Over the past 13 years as a dietitian, I have learned that everyone is unique. Overall my recommendations for healthy eating are the same—for the young and old, athletic and sedentary, vegetarian and meat-eater, but I fine-tune information to the individual. I have clients who swear that certain foods “make them fat” or cause constipation or result in a low blood sugar. Even though their claims are not backed in science, I still believe that they are real to them.
When I meet with a client I always want to know what foods they like and what they eat on a typical day. I believe a healthy meal plan can be created including foods that you like. I don’t whip out a menu made before I talk to a client. I also want to know how active they are. Sometimes people think of exercise at a gym as the only activity that counts. If you sit at a desk or on your couch all day then you are living a life that is a much more sedentary than a person who is high energy and always moving around. Studies have found that even the fidget factor (shaking your leg under the table) increases your energy expenditure. I’m thankful for that.
When you are making changes in your eating habits remember that you are an individual. I receive request for “healthy menus and recipes” often. There are websites out there that will spit out a week of menus, but are you really going to follow them for any length of time? There are diet books and health magazines that give menus to follow for 6 weeks. I have yet to meet anyone who follows those diets to the T for any length of time. I feel that kind of information may give you ideas on what to have for some healthy meals, but you need to learn how to pick healthy foods to make meals and snacks that YOU like. For example, I love salads. I could honestly eat salad every day for lunch, but I know that many people get tired of salads. If I gave you a meal plan with salad twice a day every day how long would you follow it?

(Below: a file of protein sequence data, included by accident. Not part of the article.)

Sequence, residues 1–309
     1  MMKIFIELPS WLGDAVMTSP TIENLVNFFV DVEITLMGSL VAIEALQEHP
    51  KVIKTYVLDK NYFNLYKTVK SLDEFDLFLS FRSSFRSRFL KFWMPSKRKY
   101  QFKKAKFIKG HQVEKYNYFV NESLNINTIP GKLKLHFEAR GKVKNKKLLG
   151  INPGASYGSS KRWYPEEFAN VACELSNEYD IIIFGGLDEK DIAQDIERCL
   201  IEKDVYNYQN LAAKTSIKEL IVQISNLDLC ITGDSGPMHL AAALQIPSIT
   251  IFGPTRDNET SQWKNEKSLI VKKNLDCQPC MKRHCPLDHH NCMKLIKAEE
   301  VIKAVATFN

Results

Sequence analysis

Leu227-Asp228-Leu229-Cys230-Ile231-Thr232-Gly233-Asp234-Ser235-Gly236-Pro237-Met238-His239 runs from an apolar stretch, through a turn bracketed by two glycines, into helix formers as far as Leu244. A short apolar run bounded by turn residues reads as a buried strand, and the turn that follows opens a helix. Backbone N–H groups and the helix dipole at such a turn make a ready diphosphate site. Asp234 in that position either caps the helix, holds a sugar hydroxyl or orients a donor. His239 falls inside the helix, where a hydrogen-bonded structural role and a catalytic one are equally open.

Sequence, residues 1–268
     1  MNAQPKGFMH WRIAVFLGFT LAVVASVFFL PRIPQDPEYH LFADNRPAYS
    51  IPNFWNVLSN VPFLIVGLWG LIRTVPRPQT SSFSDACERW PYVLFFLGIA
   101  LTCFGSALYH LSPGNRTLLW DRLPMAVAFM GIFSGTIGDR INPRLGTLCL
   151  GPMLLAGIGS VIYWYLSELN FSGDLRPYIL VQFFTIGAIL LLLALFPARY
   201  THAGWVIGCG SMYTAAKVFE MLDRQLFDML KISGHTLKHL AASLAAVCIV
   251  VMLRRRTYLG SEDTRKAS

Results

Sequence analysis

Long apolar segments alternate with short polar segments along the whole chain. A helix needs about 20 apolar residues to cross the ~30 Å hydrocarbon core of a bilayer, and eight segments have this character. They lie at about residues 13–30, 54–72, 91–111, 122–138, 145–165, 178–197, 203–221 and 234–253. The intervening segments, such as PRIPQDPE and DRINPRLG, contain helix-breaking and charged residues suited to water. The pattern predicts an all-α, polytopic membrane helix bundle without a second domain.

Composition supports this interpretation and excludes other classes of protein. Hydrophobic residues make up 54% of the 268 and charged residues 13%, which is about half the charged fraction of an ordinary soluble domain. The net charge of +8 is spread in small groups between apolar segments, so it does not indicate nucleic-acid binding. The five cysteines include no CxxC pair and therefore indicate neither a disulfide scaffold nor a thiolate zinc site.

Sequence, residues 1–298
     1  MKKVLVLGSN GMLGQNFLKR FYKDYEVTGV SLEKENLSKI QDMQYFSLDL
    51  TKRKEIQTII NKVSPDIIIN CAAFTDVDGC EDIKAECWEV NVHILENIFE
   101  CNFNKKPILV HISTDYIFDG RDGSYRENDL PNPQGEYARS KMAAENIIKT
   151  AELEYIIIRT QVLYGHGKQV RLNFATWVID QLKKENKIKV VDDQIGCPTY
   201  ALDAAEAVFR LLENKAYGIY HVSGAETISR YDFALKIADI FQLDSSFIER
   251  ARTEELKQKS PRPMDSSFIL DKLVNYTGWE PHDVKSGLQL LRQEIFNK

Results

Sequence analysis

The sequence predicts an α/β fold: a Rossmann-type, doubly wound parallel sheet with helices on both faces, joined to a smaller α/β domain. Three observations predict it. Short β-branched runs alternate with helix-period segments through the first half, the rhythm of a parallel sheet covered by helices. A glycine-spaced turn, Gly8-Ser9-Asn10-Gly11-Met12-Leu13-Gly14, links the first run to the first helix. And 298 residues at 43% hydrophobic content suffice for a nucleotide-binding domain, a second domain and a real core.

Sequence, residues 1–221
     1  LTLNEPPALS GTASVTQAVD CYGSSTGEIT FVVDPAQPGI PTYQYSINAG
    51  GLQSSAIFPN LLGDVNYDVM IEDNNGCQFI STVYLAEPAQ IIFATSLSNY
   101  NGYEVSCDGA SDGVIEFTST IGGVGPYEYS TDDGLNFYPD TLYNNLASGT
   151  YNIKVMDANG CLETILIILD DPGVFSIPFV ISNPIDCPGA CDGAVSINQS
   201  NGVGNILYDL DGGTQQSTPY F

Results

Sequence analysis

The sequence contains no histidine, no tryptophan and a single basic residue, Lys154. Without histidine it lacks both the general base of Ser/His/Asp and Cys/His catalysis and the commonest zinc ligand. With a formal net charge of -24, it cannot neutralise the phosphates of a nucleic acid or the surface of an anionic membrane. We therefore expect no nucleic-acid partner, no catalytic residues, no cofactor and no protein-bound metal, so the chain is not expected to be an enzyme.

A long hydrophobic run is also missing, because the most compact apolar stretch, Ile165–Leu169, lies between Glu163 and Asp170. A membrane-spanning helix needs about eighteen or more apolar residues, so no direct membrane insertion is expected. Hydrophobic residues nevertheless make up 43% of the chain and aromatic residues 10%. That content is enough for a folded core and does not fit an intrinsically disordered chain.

My favorite articles in fitness magazines are the success stories. I have read hundreds of them, and I love the men and women who have already maintained their healthy lifestyle and healthy weight for years. Although each one is an individual in how they met their goal, I find there are similarities in their tips. Here are the tips I see the most:
- Eat more fruits and vegetables at your meals and for snacks.
- Exercise regularly and do something you enjoy.
- Replace the foods you used to splurge on with healthier or lower calorie alternatives. For example, ½ cup of ice cream vs. a large shake.
- Eat out less and plan for your meals and snacks. Pack your lunch for work, eat more dinners at home, and experiment with cooking healthy foods at home.
- Include your family. The success stories always include a supportive family member.
I talk about nutrition every day. I talk with my husband who is an endurance athlete, my young children, my 70-year old father, my friends who want to lose weight and my friends who are trying to eat healthier. My message always has the same core but I adjust for the individual. You are one-of-a-kind, and you can eat healthy for a lifetime.